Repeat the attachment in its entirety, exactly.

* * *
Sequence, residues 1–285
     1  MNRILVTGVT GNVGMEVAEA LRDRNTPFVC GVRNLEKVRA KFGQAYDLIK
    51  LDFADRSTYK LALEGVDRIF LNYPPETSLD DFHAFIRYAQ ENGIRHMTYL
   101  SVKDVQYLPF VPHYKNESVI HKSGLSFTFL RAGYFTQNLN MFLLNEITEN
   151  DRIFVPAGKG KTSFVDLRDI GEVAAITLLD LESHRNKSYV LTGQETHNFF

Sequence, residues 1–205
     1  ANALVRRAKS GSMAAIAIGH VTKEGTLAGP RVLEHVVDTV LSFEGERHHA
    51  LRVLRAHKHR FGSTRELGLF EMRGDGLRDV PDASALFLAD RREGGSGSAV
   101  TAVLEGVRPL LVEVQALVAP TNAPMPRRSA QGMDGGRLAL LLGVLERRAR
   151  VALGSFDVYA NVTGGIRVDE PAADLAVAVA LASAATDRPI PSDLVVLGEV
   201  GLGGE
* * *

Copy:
Sequence, residues 1–285
     1  MNRILVTGVT GNVGMEVAEA LRDRNTPFVC GVRNLEKVRA KFGQAYDLIK
    51  LDFADRSTYK LALEGVDRIF LNYPPETSLD DFHAFIRYAQ ENGIRHMTYL
   101  SVKDVQYLPF VPHYKNESVI HKSGLSFTFL RAGYFTQNLN MFLLNEITEN
   151  DRIFVPAGKG KTSFVDLRDI GEVAAITLLD LESHRNKSYV LTGQETHNFF

Sequence, residues 1–205
     1  ANALVRRAKS GSMAAIAIGH VTKEGTLAGP RVLEHVVDTV LSFEGERHHA
    51  LRVLRAHKHR FGSTRELGLF EMRGDGLRDV PDASALFLAD RREGGSGSAV
   101  TAVLEGVRPL LVEVQALVAP TNAPMPRRSA QGMDGGRLAL LLGVLERRAR
   151  VALGSFDVYA NVTGGIRVDE PAADLAVAVA LASAATDRPI PSDLVVLGEV
   201  GLGGE